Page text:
SS: Speaking directly to artists, what advice do you have for them trying to create brand partnerships?

MG: When you’re building corporate communications, which is what I see marketing departments doing, it’s hard for companies to see the value in art. Try to find people who can appreciate the role of creativity. There’s a designer named Mike Monteiro who wrote Design is a Job, which is filled with little nuggets about being in corporate workspaces as a designer.

Really make sure the company is ready for your work. Sometimes in my career when I’ve shown people art, it’s caused more confusion. For instance, I made a typeface out of colored circles called Color Dot. I used to have a website that showed both my corporate work and my artwork, thinking it would make me appear more interesting and multidisciplinary. But when I tried to combine these worlds, people were like, “Are you going to take my money and make an abstract font?”

I’d say separate your work and be very clear about the differentiation in your offering. Right now especially, we’re seeing a proliferation of designers who are finally feeling that there’s a place for them in the art world. Again, this is just my experience. With the explosion of digital art, there are multitudes of ways for artists to engage with collectors with less gatekeeping. Creative is capital. That’s your thing as a creative person, so find a way to charge for it.

Be very clear about where you fit in and what your role is. “I make art for conferences. I make interactive art. I make art with music and light shows.” Studio Mococo is clearly a corporate branding agency, martingrasser.com is clearly art, and andrepeat.com houses art experiments and typography.

SS: How should artists charge brands?

MG: Think about brands as a National Endowment for the Arts circa 2022. An artist should never offer a cheap rate for a brand or spec work. You’re charging on behalf of the industry so that everybody gets to make something. Be aggressive about your worth. I hire a lot of junior designers, and I was the same way when I came out of school. “I don’t know if this is all right, but I would like to charge…” It’s far too apologetic.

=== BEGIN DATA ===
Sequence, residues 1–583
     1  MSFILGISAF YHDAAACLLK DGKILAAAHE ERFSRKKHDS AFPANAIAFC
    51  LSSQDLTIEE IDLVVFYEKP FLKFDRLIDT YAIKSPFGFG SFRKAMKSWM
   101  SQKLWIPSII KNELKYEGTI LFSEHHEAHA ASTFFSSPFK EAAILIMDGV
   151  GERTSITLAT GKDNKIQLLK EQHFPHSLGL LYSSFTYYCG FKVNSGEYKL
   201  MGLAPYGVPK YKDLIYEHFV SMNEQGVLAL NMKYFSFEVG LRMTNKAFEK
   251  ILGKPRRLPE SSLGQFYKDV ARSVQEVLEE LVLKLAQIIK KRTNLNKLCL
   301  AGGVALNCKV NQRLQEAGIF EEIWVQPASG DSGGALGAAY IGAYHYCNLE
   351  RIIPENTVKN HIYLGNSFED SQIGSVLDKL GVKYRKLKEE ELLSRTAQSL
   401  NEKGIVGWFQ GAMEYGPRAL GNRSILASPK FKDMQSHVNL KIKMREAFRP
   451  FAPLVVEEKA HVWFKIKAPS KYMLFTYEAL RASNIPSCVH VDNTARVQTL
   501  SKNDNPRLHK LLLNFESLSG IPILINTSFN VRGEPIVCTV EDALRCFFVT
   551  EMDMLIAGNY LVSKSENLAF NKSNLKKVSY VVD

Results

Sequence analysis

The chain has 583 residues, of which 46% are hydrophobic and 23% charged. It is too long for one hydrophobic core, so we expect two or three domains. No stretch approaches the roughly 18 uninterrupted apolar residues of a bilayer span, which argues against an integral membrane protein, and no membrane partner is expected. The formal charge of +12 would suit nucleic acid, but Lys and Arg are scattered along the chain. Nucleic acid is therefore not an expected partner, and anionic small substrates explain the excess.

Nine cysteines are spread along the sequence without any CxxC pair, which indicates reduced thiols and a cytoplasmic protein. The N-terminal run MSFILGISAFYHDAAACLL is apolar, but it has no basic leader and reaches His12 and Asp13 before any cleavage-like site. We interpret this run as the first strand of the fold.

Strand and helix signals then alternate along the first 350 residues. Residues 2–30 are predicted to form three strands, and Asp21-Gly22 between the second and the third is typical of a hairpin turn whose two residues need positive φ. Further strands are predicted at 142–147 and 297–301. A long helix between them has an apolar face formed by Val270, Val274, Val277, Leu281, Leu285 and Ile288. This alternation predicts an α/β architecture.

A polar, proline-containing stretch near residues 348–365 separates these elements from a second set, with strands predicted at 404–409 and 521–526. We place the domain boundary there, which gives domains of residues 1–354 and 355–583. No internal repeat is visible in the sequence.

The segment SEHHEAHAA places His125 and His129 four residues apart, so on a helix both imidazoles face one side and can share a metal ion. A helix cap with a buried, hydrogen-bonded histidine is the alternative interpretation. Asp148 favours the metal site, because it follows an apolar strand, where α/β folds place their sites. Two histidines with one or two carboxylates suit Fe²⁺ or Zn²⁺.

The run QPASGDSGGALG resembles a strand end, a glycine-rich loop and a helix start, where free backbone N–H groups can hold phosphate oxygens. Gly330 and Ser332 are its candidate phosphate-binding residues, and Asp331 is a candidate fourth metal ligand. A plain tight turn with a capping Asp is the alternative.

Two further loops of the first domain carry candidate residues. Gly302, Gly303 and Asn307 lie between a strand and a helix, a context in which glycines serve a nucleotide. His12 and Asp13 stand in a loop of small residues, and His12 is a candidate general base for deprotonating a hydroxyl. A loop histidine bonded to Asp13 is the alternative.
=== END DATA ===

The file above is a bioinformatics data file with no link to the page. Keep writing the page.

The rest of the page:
Go in there with the confidence and the assurance that you’re worth it. It’s hard to hire good designers, so when somebody can clearly articulate a corporate communication, that’s invaluable to a company. Every single time you talk to somebody, add 10% and be willing to come down.

When I was freelancing, first I charged $50 an hour. Then, for the next client I charged $60 an hour. Then $70. Then $85. And if they said, “We can’t swing that,” I’d say, “Let me make some phone calls and see if I can do it for 75.” And then I would wait a day and go back to them with, “Hey, I’m really excited about your project, so I’m going to come down and do it for 75. Moving forward I’d love for you guys to budget me at 80. But this time, I was able to push off this other project.”

SS: What was the last truly magical experience you had?

MG: Right before the pandemic, I went to the SFMOMA with my two youngest kids. There was an interactive display where we looked up at this opaque panel and a camera took sequence photos. Basically, it was a really artistic, interactive photo booth. We’d looked at seven floors of art, which was more of a one-way conversation — standing in front of art and learning why it was important. I love museums, but there was something about participating in the art that meant more to me.

Those photos are some of my favorite pictures of my son and my daughter together. MOMA presented this very elevated, fancy space with something that my kids were encouraged to touch and participate in. It’s really cool to be part of the making of something.

People will say, “Oh, I’m not creative. I can’t draw.” What do those two things even have to do with each other? What if schools had more creativity? Instead of writing a paper, make a film, do a dance. It doesn’t just have to be read and then written. What if there were other ways to think about the role of creativity in answering a question or crafting the equivalent of a term paper? I communicate through color and shape and form; that’s what the Twitter logo is.

So you can go to an expert level if you want, but you can also just experiment and be able to say, “Look at that. I made that.”